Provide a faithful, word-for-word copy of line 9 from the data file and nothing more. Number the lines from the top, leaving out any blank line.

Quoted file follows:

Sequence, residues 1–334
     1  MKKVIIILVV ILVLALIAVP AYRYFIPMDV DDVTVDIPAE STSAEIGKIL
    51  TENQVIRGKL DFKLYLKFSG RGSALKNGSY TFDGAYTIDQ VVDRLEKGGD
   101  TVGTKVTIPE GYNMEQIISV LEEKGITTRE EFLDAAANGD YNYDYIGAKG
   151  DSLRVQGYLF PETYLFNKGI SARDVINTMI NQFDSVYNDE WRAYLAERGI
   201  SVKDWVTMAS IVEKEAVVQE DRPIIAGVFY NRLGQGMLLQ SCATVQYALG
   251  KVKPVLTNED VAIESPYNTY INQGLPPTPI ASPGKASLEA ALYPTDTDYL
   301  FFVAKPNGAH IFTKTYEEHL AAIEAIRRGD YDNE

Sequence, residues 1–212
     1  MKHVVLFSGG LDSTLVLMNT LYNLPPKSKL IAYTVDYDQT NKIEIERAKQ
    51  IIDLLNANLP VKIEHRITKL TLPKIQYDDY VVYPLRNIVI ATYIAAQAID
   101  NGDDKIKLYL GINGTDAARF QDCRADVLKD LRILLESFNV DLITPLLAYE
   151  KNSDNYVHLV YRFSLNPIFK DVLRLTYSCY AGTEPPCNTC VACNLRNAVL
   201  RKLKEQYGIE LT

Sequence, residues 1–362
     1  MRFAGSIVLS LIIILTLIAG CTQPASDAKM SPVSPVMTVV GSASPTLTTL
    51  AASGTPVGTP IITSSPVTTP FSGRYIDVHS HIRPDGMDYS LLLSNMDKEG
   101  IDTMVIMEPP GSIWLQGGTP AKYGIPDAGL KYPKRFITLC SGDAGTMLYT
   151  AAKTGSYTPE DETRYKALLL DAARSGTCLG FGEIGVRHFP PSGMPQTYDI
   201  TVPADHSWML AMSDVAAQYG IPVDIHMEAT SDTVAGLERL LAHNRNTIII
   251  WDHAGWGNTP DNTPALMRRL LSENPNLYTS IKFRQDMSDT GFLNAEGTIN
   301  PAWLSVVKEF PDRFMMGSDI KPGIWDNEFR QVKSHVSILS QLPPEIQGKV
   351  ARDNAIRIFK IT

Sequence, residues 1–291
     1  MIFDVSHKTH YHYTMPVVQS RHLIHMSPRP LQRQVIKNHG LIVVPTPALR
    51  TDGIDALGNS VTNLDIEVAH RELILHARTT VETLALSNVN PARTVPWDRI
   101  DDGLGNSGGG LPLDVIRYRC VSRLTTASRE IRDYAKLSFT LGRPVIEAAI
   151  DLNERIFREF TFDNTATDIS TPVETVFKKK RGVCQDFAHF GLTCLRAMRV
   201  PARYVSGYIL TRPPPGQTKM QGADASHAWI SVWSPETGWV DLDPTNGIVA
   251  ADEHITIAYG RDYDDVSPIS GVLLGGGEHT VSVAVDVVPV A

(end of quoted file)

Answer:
Sequence, residues 1–212